Add To Cart

Schubert Piano Trios

Featuring violinist Philip Setzer, this recording is a celebration of the sublime piano trios composed by none other than Franz Schubert.

Franz Schubert
Piano Trio in B-flat Major, op. 99, D898
Piano Trio in E-flat Major, op. 100, D929


Wu Han (piano), Philip Setzer (violin), David Finckel (cello)


Notes on the Music:

by Patrick Castillo

(born Vienna, 31 January 1797; died Vienna, 19 November 1828)

Piano Trio in B-flat Major, op. 99, D898
Piano Trio in E-flat Major, op. 100, D929

Composed: According to what evidence we have in lieu of Schubert’s manuscript, the B-flat Trio was composed within weeks prior to the Opus 100 Trio in E-flat Major, whose autograph is dated November 1827.

Published: Like many of Schubert’s works, the B-flat Trio was not published until after the composer’s death. It appeared in print only in 1836 as the composer’s Opus 99. The Trio in E-flat Major—which Schubert seems to have more actively peddled—was published in 1828 by Probst, in Leipzig.

First performances: In January 1828, Schubert wrote in a letter to a friend about the recent performance of a “new trio,” given on 26 December under the auspices of the Gesellschaft der Musikfreunde (Society of Friends of Music). While said trio is widely assumed to have been the E-flat Trio, the presentation of this same work as a “new” (which typically meant “never before heard”) trio on a concert program three months later (more on which in a moment) leaves open the possibility that the work premiered in December may in fact have been the B-flat.

Otherwise, the earlier trio in B-flat would have received only a private performance during Schubert’s lifetime, on 28 January 1828, courtesy of three of Vienna’s top chamber musicians: pianist Carl Maria von Bocklet, violinist Ignaz Schuppanzigh (who, as the leader of nineteenth-century Vienna’s finest string quartet, first gave voice to Beethoven’s middle and late quartets), and cellist Josef Linke (Schuppanzigh’s quartet colleague, and the first interpreter of Beethoven’s Opp. 69 and 102 Cello Sonatas). The same three musicians had given the performance of 26 December, whether this was of the first or second piano trio.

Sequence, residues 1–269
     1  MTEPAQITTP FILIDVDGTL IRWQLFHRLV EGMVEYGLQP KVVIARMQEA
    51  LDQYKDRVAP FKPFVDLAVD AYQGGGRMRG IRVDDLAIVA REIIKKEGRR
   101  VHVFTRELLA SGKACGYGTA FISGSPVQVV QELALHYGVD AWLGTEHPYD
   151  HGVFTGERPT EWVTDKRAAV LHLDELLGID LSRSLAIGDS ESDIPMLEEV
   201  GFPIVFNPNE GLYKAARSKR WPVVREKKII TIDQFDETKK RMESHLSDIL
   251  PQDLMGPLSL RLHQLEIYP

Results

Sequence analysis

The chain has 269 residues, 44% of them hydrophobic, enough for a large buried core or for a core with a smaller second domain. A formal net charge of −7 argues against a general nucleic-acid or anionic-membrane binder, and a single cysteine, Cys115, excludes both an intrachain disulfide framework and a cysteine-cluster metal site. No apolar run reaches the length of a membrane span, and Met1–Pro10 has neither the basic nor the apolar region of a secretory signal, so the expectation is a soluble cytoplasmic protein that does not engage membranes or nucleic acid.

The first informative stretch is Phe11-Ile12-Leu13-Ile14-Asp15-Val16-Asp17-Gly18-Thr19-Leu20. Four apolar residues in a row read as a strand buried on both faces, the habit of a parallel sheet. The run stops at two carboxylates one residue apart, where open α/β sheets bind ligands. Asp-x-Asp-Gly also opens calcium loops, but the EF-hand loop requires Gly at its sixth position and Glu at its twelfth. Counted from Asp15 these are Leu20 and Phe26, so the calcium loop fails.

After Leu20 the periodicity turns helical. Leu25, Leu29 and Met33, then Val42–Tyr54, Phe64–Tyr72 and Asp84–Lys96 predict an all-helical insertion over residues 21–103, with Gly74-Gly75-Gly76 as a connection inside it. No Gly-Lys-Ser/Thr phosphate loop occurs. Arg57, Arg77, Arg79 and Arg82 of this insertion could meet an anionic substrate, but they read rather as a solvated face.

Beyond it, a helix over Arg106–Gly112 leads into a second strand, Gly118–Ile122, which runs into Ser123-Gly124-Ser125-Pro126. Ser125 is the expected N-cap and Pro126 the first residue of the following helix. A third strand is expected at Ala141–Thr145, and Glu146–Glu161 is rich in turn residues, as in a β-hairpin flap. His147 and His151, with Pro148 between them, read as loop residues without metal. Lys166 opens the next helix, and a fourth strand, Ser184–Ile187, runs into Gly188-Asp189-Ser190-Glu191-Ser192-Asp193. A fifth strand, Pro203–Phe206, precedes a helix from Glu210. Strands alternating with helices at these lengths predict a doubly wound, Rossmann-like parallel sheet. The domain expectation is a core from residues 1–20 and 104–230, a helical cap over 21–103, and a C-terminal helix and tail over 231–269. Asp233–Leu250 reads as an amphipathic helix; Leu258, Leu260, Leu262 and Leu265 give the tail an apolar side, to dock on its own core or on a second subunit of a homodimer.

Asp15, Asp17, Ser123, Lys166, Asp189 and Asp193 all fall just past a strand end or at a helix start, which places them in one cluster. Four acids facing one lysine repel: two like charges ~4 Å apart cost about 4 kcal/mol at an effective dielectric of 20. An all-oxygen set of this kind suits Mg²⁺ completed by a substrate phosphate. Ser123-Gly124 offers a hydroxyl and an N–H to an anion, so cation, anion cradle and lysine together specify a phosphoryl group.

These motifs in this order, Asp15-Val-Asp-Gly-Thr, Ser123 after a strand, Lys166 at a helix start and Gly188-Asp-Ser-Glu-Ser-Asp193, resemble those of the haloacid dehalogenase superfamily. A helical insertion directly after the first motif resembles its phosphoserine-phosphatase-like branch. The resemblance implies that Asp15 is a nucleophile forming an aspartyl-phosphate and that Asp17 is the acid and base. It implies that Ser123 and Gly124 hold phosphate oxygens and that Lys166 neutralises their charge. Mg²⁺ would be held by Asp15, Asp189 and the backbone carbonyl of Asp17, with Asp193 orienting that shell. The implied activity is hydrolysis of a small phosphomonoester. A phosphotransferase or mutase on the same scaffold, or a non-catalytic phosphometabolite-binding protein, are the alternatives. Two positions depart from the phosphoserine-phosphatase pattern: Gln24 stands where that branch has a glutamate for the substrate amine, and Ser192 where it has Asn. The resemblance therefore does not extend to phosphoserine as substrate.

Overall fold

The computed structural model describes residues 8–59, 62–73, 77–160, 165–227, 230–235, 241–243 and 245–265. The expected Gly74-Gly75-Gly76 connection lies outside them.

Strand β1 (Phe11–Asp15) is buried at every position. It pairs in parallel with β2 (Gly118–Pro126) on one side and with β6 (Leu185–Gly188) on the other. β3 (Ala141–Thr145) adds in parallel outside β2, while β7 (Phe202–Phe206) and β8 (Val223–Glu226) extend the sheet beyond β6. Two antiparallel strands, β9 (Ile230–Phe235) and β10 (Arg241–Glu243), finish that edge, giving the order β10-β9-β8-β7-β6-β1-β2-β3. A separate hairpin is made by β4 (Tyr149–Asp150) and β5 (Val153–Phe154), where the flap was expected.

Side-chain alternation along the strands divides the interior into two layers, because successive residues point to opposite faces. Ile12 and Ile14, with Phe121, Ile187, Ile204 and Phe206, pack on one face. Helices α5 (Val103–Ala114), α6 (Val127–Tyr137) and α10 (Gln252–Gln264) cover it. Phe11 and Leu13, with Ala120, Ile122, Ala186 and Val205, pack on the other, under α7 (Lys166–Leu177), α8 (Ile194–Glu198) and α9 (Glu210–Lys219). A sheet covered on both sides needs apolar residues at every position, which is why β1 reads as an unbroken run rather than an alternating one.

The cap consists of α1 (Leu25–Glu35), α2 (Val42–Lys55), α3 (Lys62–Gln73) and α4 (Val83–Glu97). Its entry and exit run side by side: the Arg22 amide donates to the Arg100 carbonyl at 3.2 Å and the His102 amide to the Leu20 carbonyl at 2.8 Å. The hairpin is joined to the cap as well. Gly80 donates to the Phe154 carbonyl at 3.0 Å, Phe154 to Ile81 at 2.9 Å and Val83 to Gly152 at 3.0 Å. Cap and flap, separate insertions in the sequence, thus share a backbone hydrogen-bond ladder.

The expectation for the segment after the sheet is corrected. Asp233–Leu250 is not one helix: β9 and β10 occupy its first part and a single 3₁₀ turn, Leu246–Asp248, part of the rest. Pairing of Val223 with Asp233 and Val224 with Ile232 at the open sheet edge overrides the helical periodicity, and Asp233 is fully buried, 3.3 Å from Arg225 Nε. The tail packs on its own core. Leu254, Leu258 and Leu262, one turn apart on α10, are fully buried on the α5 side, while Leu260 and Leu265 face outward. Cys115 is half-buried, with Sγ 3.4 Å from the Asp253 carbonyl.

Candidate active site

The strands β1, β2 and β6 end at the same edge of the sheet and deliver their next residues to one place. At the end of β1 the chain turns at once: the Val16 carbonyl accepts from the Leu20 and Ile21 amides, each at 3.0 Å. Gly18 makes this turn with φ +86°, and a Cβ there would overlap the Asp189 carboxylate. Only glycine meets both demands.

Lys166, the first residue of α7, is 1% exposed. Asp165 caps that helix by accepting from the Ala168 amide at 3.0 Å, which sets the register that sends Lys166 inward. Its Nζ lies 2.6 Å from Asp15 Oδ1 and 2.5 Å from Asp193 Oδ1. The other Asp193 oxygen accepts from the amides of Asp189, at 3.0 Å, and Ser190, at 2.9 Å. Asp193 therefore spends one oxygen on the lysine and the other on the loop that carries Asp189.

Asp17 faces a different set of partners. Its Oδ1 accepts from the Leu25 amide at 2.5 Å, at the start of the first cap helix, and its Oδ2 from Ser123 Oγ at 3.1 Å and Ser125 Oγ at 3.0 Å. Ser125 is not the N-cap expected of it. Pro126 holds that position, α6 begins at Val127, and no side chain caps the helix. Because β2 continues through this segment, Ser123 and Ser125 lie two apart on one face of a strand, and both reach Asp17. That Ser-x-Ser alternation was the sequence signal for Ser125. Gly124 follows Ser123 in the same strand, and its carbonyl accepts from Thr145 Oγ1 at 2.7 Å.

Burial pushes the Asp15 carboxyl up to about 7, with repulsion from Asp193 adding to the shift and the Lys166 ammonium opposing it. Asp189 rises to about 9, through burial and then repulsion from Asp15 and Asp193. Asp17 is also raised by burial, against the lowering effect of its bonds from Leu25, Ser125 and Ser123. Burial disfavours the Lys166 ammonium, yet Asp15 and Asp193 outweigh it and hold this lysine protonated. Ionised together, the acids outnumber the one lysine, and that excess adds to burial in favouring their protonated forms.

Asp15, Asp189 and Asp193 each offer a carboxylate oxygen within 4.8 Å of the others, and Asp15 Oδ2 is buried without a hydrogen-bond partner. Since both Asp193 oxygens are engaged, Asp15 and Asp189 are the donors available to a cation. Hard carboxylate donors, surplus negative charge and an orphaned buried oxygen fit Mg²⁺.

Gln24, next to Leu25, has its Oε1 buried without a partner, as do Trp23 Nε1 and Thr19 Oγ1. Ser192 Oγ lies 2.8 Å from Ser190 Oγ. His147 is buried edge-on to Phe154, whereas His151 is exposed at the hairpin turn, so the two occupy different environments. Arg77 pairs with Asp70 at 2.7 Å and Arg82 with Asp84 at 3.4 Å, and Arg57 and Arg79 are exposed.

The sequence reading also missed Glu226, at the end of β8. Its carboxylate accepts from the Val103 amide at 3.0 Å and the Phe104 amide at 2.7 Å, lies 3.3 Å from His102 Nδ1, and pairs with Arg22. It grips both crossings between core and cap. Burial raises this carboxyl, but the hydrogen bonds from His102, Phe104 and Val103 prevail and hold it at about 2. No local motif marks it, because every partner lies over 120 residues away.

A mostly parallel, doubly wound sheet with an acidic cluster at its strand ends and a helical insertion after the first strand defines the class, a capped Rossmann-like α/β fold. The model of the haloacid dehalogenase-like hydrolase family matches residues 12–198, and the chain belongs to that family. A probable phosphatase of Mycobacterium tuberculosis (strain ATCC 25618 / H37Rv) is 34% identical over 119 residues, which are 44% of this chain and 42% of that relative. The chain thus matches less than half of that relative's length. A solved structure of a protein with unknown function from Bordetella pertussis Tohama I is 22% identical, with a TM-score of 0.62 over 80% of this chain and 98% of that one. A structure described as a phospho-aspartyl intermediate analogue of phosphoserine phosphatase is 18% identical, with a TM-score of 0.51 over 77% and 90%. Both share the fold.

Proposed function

Schubert’s particular pride in the E-flat is evidenced by his inclusion of it as the centerpiece on a program of his own music on 26 March 1828, commemorating the first anniversary of Beethoven’s death. The shadow of Beethoven is significant, not only for Beethoven’s profound influence on Schubert on the whole, but also for his own granite essays in the piano trio genre. Indeed, there may be no higher compliment than Robert Schumann’s regard for Schubert’s Opus 100 as equal to Beethoven’s formidable “Ghost” and “Archduke” Trios.

Other works from this period: Despite his great physical suffering and psychological anguish at the end of his life, Schubert did not go quietly. His final year was staggeringly productive. Between mid-1827 and November 1828, Schubert completed, in addition to the two piano trios, the Fantasies in C Major, for violin and piano, and in f minor, for four-hand piano; the “Great” Symphony; the Cello Quintet; more than two dozen songs, including the presciently titled Schwanengesang (Swan Song); and the last three Piano Sonatas, in addition to numerous other piano, vocal, and orchestral works—all told, an imposing set of masterpieces, miraculously concentrated within a deeply trying twelve months or so, unequaled by many composers over entire lifetimes. Schumann’s reflection on the E-flat Trio poetically captures the meteoric luminosity of the end of Schubert’s life: “Some years ago, a Trio by Schubert passed across the ordinary musical life of the day like some angry manifestation in the heavens. It was his hundredth opus, and shortly afterward, in November 1828, he died.”

Printed CD liner notes also include notes by Michael Steinberg.